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|PAWS TO CONSIDER - EP#6|
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Champ, in Lake Champlain, is probably NOT a manatee, but November is Manatee Awareness Month. No one knows exactly what he is, but likely, he is the last of its kind.
November is Manatee Awareness Month. Manatees are in grave danger from habitat loss, pollution, boat collisions, and two unusual algal blooms from toxic water. 2013 was the deadliest year for manatees in history. Only about 5000 of these gentle creatures still remain. Warm water springs are rapidly being depleted from residential development. Manatees depend upon warm water. With winter approaching, a cold snap could wipe them out.
Visit The Points facebook page to win a 2014 Save the Manatee calendar. Save the Manatee Club, co-founded by Jimmy Buffett, funds emergency rescue for sick and injured manatees, provides waterway signage, raises public awareness, and more.
The manatee is Florida’s state marine mammal. A sighting is an unforgettable experience – not unlike a sighting of Champ.
PAWS TO CONSIDER - EP#5
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Upper Valley Humane Society recently found itself rescuing 40 wolf dogs. 2 were found dead. 9 were euthanized. 25 moved to a sanctuary. And 4 taken to UVHS.
During this 16 day rescue, UVHS faced challenging behavioral dynamics that occur when you cross breed
wildlife and domesticated animals. The wolf dog, while magnificent, struggles to understand its place, battling between wanting to bond with humans, and living by their wolf-like predatory nature within their pack in the wild. Highly unpredictable, wolf dogs are an exploitation of human desire to own the coolest pet on the block. Typically, it ends in their demise. Wolf dogs are destroyed if brought to an animal shelter. The 4 at UVHS are an exception.
To learn more about UVHS or to get involved, visit uvhs.org
|PAWS TO CONSIDER - EP#4|
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Today there is alarming concern over the loss of honey bees known as Colony Collapse Disorder. While there are several threats of concern, cell phone tower frequencies, GMO's, parasites - pesticides are high on the list. Bees pollinate one-third of the food we consume – apples, cucumbers, pumpkins, and the list goes on. The U.S. is banning 4 pesticides for two years. While this is a step in the right direction, there are 21 known pesticides causing bees deaths.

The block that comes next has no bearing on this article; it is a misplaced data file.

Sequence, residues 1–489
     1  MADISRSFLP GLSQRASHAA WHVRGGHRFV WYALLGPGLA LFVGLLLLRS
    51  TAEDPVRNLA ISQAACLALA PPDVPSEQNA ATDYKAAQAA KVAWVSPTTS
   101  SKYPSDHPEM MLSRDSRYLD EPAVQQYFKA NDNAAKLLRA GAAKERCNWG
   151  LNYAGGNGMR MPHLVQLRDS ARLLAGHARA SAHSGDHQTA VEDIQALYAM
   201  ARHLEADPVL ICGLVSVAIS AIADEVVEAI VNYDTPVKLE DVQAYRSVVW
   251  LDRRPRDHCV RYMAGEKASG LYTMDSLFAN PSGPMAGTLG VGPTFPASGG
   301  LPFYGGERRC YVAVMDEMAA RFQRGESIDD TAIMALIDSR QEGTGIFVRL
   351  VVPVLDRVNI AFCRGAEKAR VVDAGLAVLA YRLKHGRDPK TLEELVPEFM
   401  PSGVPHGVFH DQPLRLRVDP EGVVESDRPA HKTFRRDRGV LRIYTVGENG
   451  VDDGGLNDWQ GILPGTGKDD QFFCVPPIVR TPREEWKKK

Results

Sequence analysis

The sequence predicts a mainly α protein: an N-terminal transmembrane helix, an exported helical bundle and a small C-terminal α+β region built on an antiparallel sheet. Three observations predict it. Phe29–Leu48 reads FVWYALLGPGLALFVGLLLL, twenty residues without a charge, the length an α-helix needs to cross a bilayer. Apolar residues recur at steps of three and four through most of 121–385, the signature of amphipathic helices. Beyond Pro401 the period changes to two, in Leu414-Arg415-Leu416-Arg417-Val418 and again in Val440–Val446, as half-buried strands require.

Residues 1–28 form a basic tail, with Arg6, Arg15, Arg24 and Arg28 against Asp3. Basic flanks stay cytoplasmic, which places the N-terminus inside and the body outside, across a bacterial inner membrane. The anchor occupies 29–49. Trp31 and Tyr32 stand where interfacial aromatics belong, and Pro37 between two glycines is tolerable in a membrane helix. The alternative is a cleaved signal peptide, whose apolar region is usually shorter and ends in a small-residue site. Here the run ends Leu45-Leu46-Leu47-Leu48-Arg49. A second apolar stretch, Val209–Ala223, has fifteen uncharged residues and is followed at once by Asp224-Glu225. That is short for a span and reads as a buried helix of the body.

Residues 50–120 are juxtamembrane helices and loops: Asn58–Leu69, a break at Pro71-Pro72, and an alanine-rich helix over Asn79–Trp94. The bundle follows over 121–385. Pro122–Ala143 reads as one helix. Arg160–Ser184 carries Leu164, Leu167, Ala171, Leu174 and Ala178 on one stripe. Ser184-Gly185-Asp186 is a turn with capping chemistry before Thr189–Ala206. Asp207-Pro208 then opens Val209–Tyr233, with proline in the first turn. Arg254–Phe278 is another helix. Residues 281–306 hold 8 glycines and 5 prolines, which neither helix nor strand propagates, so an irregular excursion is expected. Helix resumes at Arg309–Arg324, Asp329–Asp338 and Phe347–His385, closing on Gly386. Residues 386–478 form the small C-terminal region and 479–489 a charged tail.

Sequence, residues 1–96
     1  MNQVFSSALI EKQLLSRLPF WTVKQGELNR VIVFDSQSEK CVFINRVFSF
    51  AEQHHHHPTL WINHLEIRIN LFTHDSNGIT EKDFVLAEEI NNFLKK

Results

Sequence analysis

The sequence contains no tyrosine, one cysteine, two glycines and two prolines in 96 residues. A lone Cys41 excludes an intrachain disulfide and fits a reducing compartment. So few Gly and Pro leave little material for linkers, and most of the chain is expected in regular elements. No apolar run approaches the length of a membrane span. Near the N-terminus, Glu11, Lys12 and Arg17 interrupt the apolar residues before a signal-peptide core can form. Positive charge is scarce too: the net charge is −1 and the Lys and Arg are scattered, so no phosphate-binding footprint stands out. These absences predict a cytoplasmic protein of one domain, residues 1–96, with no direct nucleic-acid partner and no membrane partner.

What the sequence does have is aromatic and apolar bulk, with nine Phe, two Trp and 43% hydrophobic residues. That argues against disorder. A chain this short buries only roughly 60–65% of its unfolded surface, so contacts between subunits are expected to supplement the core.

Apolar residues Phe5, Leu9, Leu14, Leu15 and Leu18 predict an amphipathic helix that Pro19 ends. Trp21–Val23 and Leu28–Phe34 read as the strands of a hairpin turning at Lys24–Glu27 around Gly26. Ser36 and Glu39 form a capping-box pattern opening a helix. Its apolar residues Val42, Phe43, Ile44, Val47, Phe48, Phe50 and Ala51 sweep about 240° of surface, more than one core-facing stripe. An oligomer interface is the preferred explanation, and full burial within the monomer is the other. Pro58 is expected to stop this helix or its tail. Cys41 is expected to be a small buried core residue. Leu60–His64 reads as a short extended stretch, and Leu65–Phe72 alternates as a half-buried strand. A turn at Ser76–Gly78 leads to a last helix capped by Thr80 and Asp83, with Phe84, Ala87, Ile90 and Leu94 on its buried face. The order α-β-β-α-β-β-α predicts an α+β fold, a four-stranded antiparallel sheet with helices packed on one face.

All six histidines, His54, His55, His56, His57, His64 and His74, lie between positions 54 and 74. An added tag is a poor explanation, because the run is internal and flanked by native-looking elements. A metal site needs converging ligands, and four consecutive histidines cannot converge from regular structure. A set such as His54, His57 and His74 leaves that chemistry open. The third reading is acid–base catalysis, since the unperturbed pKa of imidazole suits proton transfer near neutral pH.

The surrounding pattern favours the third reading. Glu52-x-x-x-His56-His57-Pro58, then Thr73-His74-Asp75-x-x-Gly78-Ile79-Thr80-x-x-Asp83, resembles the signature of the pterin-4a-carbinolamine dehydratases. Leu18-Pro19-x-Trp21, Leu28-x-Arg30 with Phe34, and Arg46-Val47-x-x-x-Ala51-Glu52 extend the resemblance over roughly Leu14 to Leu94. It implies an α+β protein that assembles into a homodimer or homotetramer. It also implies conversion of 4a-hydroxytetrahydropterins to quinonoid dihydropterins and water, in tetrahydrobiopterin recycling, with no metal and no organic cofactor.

WE can help!
- Become a backyard beekeeper. Contact a local beekeepers association to learn how to keep bees alive and healthy.
- Plant backyard bee friendly gardens offering a supply of nectar and pollen by choosing ten or more varieties of correct plants. And, remember NO pesticides.
- Contact your congressman and senators, urging them to do more.
- And, always buy LOCAL honey!
PAWS TO CONSIDER - EP#3
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White Nose Syndrome disease affects cave-hibernating bats. 6 of our 9 species in Vermont, are vulnerable. 90 to 98 percent of some bat species have been wiped out, including the little brown and the northern long-eared.
While there is no cure for White Nose Syndrome, the questions, 'why should we care' and 'what can we do to help the remaining 10 percent,’ are of utmost importance. Bats are the principal predator of mosquitoes and nocturnal insects that destroy crops, and cause disease.
The Little Brown Bat is endangered. In the past, they have been killed as pests while roosting in attics. VT Fish and Wildlife ask you to contact them about the safe removal of bats. Until this 10 percent becomes immune or a cure is discovered, call VT Fish and Wildlife bat expert, Alyssa Bennett 802-786-0098.
PAWS TO CONSIDER - EP#2
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All Breed Rescue in South Burlington depends upon YOU! This dog rescue organization is an ALL volunteer, community based non-profit operation. All Breed Rescue does NOT discriminate. They are dedicated to saving dogs regardless of age, breed, health or behavioral condition.
After 42 months, Striper, a senior dog, was finally placed. Each month they rescue dogs off of “death row” where dogs have a total of 3 – 5 days to get adopted before being euthanized.
Visit all breed rescue VT.com for information about volunteering OR to learn about their adoption process so YOU might provide one of these dogs with the second chance they deserve – a loving home as a member of your family.
PAWS TO CONSIDER - EP#1
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Bear Rehabilitator, Ben Kilhum, is set to release 29 orphaned bear cubs over the next month in VT & NH – once vegetation is green enough and the cubs fat enough to survive. Last year their mothers were shot and killed for entering chicken coops and bee hives. Ben suggests a proactive approach – a baited electric fence – using peanut butter, bacon grease, anything enticing. A bear uses their tongue when investigating a new smell. They will get zapped, but won’t die – encouraging cubs to stay with their mom’s and deterring the bears from returning. If you experience bear damage in VT, contact Wildlife Services for Technical Assistance. In NH, you may be able to secure a short term loan of a fence, if available, through Wildlife Services. If you would like to help Ben Kilhum care for bears, email firstname.lastname@example.org.